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Urinary incontinence affects your quality of life, self-confidence, physical activity and relationships.
Urinary incontinence can have a major impact on your quality of life affecting self-confidence, physical activity, and relationships.
Incontinence is the leakage of urine from the bladder. There are different types of urinary incontinence and it's essential to get the diagnosis right so that you get the correct treatment.
Stress urinary incontinence (or SUI) is when urine leaks after coughing, sneezing or physical activity. SUI is caused by weakness of the muscles that hold the urine in the bladder.
This is when you get a sudden urgent desire to pass urine that you can’t resist, and urine starts to pass before you can get to the toilet. Having to rush to the toilet urgently is called Overactive Bladder. Urge incontinence affects around 6% of women and also many men.
This is when there is both urge and stress incontinence.
This when you can’t hold urine in a full bladder because the urinary tract is blocked or nerves supplying the bladder are damaged
A bladder diary is a chart on which you write down how often you have to pass urine and also the amount of urine. You also record what drinks you have, and any leaks that occur. This can be a useful way of recording the bladder's behaviour and helps the specialist to diagnose what kind of incontinence you have.
The specialist will take a detailed account of your symptoms and perform a simple urine test in clinic. You will need to have an examination also. Usually, this is all that is needed to make a diagnosis and start treatment. Sometimes, additional tests may be recommended, such as urodynamics.
Urodynamics (or Bladder Pressure Studies) is a test which measures the pressures inside the bladder while it is filling up and emptying. This shows how the bladder behaves and can help to diagnose the underlying problem. Not every patient will need urodynamics diagnose the problem.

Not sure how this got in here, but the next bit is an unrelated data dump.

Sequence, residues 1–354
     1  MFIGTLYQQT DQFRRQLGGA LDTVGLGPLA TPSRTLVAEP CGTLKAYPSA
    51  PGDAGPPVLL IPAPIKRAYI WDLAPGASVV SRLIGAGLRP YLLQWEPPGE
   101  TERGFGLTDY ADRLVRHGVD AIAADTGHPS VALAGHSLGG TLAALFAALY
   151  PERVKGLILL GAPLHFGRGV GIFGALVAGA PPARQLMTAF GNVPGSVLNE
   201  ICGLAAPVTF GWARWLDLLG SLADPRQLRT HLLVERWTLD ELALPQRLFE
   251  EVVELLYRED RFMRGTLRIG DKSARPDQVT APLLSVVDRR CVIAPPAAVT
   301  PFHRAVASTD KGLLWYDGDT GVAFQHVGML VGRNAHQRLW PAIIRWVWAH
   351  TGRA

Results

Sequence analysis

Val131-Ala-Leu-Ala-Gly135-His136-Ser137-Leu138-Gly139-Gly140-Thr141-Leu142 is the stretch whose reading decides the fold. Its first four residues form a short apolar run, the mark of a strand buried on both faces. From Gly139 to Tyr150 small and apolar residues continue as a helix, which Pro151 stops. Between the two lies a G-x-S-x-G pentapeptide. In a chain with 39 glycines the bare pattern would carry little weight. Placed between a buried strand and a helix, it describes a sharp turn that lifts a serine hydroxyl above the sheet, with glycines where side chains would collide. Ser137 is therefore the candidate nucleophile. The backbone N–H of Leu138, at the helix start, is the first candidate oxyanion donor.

Common treatments for urge incontinence and overactive bladder include:
Usually, the doctor will try simple things to treat your symptoms first. Patients often respond well to “conservative measures” and tablets can make the bladder less sensitive.
For people who do not get better with simple treatments, treatment injections can be very effective.
Stress incontinence can be managed in a number of ways. Your specialist will go through the benefits of each and any side effects or complications.
We usually recommend that you try pelvic floor exercises before considering operations. If further therapy is needed, vaginal tapes are a highly effective treatment.
It is important to see a specialist who has expertise in dealing with incontinence. This will usually be a urologist of urogynaecologist. BMI have specialists all over the UK who will help you find the right treatment for you.
The National Institute Of Clinical Excellence says: “The expertise of the surgeon is one of the factors that influence surgical outcomes. The best outcomes are achieved when surgeons and their teams have specialist training and regular practice in continence surgery.”
“Some procedures for incontinence are technically simple, yet potentially harmful if carried out incompetently or in inappropriate patients. Others are complex and require higher levels of expertise.”
Incontinence treatment costs are covered by most medical insurance policies, but please check with your insurer first. If you are paying for your own treatment the cost will be explained and confirmed in writing when you book. Ask the hospital for a quote beforehand, and ensure that this includes all associated costs.
Author: Mr Richard Parkinson Ph.D FRCS(Urol), Consultant Urological Surgeon, BMI The Park Hospital, Nottingham
Further information: www.nottinghamurologygroup.co.uk
Consultant in Gynaecology
MBBS, MD, FRCOG,MFSTEd, Batchelor of Medicine and Surgery (University of London), 1992, Doctor of Medicine (University of Sheffield), 2000, Member of Royal College of Obstetricians and Gynaecologists, 2000, Dual Specialist Accreditation Obstetrics/Gynaecology and Gynaecological Oncology, 2003
BMI Thornbury Hospital